> > Well the basic problem here is that it's a little difficult to discern > what the author is complaining about in set theory. Sets of properties > are perfectly useful. However typical set theory definitions which run > along the lines of a "set of all points which . . ." do turn out to be > a joke because they invariably rely on various geometric assumptions > regarding figures such as planes, lines, etc. > ~v~~
My suspicion is that the objection is to the idea of applying operations which are valid for finite sets to infinite sets and arriving at conclusions which challenge conventional wisdom. For example it was recently pointed out that permutations of N result in a demonstration that there exist uncountable bijections. Another example is Cantor's theory of transfinite induction. One can reasonably ask if any of these findings are meaningful.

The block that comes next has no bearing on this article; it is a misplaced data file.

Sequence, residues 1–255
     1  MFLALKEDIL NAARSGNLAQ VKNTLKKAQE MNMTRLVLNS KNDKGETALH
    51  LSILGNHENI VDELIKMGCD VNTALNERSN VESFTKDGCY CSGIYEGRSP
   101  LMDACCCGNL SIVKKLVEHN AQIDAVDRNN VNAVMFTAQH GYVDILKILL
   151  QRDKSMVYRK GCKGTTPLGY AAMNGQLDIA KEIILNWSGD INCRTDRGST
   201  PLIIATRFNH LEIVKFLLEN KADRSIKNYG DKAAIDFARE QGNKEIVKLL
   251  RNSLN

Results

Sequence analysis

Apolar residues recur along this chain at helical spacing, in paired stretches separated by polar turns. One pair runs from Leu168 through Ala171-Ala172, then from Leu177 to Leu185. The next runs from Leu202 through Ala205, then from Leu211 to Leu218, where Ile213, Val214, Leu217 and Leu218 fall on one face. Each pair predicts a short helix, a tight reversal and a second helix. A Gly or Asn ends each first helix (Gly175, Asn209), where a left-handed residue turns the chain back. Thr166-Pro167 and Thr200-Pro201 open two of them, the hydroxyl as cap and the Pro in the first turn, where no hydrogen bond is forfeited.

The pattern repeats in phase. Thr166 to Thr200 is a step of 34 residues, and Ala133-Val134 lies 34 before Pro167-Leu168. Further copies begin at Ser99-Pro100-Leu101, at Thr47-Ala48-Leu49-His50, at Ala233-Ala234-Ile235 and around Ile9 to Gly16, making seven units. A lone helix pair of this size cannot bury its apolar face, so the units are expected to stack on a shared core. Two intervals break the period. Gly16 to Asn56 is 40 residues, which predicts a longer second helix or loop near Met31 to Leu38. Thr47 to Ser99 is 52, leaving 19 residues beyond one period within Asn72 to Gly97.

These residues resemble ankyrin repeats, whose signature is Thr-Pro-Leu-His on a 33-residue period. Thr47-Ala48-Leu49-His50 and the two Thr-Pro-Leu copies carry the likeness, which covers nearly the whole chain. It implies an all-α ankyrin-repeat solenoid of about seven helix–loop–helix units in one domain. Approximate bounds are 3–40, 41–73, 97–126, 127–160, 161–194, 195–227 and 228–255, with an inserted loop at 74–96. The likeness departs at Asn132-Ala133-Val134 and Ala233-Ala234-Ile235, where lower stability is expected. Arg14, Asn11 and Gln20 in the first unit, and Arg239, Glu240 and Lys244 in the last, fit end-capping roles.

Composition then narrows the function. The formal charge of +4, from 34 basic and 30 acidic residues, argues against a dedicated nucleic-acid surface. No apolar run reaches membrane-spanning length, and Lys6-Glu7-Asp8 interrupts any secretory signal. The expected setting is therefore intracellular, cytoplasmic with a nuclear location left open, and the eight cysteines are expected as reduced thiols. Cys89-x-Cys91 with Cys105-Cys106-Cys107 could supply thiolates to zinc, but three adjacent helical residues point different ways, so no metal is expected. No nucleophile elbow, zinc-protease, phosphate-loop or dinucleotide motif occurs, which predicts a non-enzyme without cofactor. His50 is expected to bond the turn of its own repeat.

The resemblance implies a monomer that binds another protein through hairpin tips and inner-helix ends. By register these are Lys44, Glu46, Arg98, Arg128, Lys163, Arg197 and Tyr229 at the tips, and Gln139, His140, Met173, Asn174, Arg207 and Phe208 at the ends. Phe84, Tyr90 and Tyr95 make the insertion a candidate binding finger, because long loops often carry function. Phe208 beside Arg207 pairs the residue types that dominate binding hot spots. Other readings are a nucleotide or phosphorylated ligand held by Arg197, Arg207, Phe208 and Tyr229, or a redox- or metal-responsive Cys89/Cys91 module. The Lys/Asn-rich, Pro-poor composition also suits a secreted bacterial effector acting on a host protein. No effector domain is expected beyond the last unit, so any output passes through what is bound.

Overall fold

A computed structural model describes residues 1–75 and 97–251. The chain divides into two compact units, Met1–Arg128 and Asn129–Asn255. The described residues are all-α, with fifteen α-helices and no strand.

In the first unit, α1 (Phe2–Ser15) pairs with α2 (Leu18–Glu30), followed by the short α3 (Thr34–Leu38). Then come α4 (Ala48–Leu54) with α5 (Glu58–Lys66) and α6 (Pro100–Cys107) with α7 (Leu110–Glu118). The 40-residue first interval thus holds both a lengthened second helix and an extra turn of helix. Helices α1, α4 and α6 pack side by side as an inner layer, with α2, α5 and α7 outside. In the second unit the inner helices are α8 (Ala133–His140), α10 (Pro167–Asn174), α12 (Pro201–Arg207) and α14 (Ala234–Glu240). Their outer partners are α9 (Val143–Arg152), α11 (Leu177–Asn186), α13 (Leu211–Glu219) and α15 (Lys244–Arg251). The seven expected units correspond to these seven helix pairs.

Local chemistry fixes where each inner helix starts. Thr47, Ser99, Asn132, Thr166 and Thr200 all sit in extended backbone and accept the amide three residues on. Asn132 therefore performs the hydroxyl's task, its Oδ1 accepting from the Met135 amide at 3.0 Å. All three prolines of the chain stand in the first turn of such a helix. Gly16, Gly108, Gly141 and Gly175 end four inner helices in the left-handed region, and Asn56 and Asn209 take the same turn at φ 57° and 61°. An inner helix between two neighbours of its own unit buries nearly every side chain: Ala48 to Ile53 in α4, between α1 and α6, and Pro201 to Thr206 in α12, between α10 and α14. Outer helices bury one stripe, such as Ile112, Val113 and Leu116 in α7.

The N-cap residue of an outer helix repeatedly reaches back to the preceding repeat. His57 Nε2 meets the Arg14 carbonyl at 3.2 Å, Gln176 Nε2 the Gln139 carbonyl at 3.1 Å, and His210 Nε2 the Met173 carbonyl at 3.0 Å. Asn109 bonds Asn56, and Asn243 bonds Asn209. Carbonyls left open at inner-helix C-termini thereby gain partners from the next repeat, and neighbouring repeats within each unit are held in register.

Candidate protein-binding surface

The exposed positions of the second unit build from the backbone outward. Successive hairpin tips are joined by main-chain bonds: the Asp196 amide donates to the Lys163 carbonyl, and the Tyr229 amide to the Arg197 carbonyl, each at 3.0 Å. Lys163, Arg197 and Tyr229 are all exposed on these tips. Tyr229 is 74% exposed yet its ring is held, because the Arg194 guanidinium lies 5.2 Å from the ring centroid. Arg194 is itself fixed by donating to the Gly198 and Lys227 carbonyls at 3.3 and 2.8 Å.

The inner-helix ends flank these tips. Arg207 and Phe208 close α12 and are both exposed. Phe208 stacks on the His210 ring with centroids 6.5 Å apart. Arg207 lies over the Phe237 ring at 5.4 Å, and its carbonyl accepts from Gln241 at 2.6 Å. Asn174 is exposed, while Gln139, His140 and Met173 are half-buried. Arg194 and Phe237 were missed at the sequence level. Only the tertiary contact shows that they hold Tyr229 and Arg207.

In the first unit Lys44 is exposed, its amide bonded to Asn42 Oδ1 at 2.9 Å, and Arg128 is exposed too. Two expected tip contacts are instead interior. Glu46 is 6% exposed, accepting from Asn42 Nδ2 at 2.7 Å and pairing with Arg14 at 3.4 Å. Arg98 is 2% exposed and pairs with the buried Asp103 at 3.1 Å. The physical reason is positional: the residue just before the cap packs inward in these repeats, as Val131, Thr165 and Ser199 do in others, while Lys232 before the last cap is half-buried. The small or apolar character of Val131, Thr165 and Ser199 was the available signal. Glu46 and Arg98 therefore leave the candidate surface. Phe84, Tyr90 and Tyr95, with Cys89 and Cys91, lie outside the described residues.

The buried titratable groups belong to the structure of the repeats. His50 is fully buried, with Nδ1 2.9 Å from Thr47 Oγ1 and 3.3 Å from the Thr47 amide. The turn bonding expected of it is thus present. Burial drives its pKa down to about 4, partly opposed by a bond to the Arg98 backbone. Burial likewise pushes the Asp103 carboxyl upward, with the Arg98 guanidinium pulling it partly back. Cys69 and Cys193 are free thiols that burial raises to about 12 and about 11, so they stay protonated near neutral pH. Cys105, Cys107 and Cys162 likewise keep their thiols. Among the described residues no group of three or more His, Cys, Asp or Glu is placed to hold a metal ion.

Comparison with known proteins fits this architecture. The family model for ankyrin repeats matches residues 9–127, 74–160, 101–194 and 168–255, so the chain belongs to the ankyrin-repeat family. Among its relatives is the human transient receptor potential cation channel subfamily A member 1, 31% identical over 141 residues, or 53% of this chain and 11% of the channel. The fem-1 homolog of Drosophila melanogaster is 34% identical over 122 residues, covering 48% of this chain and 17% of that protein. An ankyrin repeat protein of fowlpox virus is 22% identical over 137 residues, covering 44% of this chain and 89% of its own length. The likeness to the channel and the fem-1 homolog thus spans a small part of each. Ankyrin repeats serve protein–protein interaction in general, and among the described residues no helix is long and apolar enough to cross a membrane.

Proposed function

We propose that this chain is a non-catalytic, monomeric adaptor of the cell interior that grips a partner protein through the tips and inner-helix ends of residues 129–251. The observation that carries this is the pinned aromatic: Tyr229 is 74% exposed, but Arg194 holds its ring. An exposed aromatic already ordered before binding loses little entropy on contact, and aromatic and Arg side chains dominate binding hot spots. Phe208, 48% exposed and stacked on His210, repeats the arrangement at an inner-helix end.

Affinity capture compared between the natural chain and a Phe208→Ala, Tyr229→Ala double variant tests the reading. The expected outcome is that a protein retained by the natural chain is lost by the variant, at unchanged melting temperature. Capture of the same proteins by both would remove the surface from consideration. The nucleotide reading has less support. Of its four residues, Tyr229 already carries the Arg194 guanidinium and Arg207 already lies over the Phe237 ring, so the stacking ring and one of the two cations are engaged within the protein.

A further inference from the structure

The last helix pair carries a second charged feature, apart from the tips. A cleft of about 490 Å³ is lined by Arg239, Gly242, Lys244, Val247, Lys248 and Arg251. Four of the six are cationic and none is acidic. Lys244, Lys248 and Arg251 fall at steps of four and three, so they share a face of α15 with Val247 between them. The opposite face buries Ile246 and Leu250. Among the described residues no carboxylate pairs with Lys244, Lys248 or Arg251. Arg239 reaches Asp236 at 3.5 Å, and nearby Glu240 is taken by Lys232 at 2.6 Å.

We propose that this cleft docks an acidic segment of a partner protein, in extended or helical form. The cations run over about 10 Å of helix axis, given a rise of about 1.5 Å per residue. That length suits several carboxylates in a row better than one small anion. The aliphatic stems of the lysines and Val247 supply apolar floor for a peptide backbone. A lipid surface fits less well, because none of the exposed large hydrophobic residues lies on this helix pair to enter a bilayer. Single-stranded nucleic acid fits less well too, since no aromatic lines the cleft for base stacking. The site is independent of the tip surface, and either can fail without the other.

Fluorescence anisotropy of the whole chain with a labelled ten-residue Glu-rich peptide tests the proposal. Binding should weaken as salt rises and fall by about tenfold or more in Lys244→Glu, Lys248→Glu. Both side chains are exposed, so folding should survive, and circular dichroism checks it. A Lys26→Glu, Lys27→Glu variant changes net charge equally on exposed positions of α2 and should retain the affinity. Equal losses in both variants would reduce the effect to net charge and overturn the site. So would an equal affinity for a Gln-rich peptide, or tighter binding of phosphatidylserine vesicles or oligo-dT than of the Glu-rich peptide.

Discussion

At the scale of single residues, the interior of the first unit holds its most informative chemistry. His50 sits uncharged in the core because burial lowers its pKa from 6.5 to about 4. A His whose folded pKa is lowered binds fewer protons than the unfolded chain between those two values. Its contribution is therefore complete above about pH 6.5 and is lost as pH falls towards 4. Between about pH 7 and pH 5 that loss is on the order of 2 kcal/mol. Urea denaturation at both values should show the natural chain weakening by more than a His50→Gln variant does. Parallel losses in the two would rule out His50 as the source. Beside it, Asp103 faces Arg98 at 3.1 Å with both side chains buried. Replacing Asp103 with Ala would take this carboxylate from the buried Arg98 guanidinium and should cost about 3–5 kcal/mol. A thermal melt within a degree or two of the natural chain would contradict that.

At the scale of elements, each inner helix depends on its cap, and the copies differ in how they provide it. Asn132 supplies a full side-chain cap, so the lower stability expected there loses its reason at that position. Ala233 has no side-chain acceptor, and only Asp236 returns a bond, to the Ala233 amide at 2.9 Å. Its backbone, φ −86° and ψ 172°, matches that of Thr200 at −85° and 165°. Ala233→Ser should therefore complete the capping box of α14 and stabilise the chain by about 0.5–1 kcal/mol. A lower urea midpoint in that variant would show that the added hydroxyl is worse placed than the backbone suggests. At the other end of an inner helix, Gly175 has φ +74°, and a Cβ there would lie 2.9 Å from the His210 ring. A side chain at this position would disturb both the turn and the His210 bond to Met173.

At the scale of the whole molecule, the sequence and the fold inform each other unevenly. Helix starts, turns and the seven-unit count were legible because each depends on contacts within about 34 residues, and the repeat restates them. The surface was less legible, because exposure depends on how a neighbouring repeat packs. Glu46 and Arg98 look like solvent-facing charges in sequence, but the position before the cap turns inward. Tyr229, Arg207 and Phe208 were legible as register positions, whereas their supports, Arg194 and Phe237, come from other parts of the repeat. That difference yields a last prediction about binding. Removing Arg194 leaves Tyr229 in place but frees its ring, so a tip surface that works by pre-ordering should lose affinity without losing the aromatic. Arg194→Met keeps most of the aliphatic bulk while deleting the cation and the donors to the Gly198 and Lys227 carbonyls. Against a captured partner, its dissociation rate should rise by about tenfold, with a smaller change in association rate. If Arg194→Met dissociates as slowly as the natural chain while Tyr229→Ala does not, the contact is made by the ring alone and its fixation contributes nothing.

I'm told by some that the Löwenheim-Skolem theorem will do all kinds of wonderful things for me. The theorem depends upon Cantor's findings. Now, if I take the time to truly understand this stuff, will I simply be led down the primrose path? -- Nil conscire sibi